Antidepressants: A Hard Habit to Break?

How to know if you’re suffering from antidepressant withdrawal.

Two hands holding a large amount of various pills.
Photo credit: Adobe Stock

Antidepressant Withdrawal: An Under-Recognized Problem

Despite the number of people affected, there has been little scientific study of the problem, and many physicians are unaware that for some patients, withdrawal reactions can be severe. In fact, some doctors are baffled when patients come into their offices reporting a wide range of symptoms that run the gamut from physical to psychiatric. Some practitioners may falsely attribute symptoms to ME/CFS or depression. Others may suspect the onset of a new illness, which can lead to unnecessary and costly tests or treatment.

The ‘Addiction’ Controversy & Other Word Games

In his book, Glenmullen describes a patient who saw a television commercial for Paxil, which depicted tense, sad, anxious people who — after being treated with the antidepressant — are then shown blissfully engaging in a variety of activities with their families. The ad explicitly states “Paxil is non-habit forming.” The patient complained bitterly to Dr. Glenmullen, “How can they get away with that?…I’m sitting there unable to get off Paxil for months watching them advertise it as non-habit forming…” Indeed, patients who know nothing about potential withdrawal symptoms before beginning an antidepressant — and then experience distressing symptoms upon discontinuing treatment — often feel misled and resentful that they were not informed of the risks.

A New Name For An Unwelcome Problem

Antidepressant withdrawal began to come to the attention of doctors and patients in the mid-1990s. Over the following years, antidepressant manufacturers have adamantly denied that the drugs are addictive or habit forming. Once the issue began to receive increasing attention, the drug companies led a successful effort to adopt the term “antidepressant discontinuation syndrome,” in order to avoid association with the concept of addiction and withdrawal. This terminology is now used in the medical literature.

Withdrawal reactions are distinct from a recurrence of the original disorder.

Some experts argue that the pharmaceutical companies’ insistence that antidepressants are “non-habit forming” and their efforts to de-emphasize withdrawal effects have made it difficult for doctors and patients to get accurate information. However, there is reliable information available on the topic, which can be found if one searches for it.

Understanding Withdrawal Symptoms

Withdrawal or “discontinuation” symptoms may emerge when a drug is stopped abruptly, when doses are missed, or when the dosage amount is reduced. While the mechanism of action in antidepressant withdrawal symptoms is unknown, experts have proposed a variety of hypotheses. One theory is that the use of SSRIs over a period of time causes serotonin receptors in the brain to “down-regulate” due to the increase of serotonin available. When the SSRI is discontinued, the decrease in serotonin combined with the down regulation of the receptors causes a deficiency of serotonin, which in turn could cause a variety of symptoms.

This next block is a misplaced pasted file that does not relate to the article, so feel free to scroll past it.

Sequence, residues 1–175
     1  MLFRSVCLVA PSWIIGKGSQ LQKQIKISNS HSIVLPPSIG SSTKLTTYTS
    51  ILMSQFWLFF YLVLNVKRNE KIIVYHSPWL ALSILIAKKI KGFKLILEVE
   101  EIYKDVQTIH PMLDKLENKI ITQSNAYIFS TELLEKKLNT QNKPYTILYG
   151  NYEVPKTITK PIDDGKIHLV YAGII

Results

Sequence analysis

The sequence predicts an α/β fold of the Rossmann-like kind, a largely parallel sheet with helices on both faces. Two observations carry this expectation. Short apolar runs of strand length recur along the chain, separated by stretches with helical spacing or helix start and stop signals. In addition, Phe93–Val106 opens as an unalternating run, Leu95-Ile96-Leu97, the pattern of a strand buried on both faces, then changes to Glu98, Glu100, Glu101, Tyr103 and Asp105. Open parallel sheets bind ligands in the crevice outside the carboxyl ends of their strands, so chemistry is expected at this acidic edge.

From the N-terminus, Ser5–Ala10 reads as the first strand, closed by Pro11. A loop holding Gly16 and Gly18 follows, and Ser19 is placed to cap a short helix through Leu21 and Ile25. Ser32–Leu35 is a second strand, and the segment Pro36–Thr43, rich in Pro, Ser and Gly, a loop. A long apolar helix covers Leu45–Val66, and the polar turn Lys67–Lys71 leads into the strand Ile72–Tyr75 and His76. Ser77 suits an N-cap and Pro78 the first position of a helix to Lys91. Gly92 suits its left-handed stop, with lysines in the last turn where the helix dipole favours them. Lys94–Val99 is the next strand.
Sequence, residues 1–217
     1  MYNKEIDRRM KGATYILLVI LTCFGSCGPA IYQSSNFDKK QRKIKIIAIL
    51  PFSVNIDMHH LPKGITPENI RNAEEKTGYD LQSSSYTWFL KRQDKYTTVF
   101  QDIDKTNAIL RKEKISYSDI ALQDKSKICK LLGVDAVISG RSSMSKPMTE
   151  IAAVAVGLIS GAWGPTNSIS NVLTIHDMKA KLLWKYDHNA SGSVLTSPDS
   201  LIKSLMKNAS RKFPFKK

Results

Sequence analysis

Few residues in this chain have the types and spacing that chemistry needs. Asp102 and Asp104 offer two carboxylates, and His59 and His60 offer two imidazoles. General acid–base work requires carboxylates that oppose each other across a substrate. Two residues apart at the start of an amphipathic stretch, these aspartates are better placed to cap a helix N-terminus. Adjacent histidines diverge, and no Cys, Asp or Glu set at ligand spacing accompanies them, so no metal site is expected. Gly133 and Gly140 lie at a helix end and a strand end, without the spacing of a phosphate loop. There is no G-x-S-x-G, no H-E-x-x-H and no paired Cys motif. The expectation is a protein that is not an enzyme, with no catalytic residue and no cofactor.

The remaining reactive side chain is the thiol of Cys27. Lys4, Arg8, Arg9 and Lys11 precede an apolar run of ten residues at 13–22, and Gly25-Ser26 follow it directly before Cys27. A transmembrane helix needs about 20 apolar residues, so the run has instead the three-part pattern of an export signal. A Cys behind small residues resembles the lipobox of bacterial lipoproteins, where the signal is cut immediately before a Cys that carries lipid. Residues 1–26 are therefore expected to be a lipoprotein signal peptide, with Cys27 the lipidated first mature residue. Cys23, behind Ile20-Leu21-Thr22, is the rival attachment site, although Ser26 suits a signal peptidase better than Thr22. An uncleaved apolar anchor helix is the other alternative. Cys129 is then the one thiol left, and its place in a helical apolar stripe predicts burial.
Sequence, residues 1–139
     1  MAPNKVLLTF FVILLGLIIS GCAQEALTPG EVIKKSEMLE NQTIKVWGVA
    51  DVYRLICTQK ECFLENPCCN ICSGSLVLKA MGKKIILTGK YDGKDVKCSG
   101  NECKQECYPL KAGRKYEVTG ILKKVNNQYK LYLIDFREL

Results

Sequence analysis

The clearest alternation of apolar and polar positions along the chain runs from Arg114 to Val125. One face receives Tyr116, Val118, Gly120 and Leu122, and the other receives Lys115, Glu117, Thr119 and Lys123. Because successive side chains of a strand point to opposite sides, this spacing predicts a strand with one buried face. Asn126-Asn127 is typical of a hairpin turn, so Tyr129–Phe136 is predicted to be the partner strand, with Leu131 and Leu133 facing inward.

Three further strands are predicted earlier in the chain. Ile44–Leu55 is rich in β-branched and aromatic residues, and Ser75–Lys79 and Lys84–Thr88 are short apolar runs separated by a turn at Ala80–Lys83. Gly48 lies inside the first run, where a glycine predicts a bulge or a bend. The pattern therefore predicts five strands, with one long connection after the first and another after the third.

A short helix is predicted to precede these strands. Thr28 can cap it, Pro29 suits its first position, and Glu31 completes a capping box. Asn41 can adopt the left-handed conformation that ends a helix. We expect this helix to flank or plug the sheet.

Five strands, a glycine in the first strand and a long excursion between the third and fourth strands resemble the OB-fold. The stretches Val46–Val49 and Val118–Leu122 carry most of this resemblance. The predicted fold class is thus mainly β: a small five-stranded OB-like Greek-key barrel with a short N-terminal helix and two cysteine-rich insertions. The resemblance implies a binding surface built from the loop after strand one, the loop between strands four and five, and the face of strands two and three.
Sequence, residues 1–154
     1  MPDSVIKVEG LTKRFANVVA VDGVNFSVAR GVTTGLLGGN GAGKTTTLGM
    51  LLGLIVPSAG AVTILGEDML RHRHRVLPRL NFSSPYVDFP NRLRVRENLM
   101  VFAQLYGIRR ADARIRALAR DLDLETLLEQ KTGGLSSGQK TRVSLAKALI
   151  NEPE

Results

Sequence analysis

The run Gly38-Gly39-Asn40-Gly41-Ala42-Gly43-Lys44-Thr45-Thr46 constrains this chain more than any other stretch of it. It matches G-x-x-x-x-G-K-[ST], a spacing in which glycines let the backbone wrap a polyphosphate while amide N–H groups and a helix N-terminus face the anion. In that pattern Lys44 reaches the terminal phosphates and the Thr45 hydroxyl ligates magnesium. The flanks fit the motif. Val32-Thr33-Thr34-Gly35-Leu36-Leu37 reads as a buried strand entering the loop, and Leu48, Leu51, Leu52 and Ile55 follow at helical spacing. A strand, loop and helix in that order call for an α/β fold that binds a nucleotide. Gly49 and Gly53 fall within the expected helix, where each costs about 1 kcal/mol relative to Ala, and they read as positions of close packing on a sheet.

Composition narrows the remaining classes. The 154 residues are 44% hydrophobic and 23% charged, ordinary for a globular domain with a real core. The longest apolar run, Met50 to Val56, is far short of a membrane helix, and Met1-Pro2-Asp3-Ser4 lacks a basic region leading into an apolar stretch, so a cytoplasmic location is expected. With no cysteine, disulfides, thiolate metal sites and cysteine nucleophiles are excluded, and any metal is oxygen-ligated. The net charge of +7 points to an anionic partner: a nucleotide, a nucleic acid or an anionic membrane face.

• Gastrointestinal disturbance (nausea, diarrhea, abdominal pain)
  • Sleep problems (insomnia, vivid dreams)
  • Fatigue, malaise, drowsiness
  • Headache
  • Flu-like aches and pains
  • Agitation, irritability, anxiety
  • Depression, mood swings
  • Confusion or cognitive difficulties
  • Memory problems
  • Dizziness/light headedness
  • Sweats, chills
  • Change in appetite
  • Electric shock-like sensations
  • Other strange, tingling, or painful sensations
  • Muscle spasms, tremor
  • Numbness, burning, or tingling
  • Ringing or noises in the ears
Bottle of green pill capsules.
Photo by Sharon McCutcheon on Unsplash

Managing Antidepressant Withdrawal

Despite their claims that antidepressants are “non-habit forming,” the drugs’ manufacturers now warn against stopping antidepressants abruptly and suggest reducing the dosage gradually, though they provide no specific guidelines. The British National Formulary (otherwise known as the “doctor’s prescribing Bible” in Britain, which contains comprehensive information on prescription medications, including side effects, costs, etc.) recommends that patients who have been taking antidepressants for 8 weeks or more should taper off the medication over a 4-week period. Other experts suggest reducing the dosage by one-quarter every 4 to 6 weeks. Unfortunately, there has been little scientific study of various methods of discontinuation.

Three pill capsules in an open palm.
Photo by Mark Fletcher-Brown on Unsplash

Working with Your Doctor

It is vital for patients to be aware that antidepressants should not be stopped abruptly. If you are currently taking an antidepressant and are considering discontinuing treatment, it is critical that you complete the process under careful medical supervision. It is also a good idea for patients who are considering taking antidepressants (or switching to a different drug) to discuss with their doctors the potential problems of withdrawal and how they might be managed if they occur.

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Writer with ME/CFS and fibromyalgia helping others to survive and thrive with chronic illness. Lifelong learner, dog mom, therapist-to-be.

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Lisa Lorden Myers

Writer with ME/CFS and fibromyalgia helping others to survive and thrive with chronic illness. Lifelong learner, dog mom, therapist-to-be.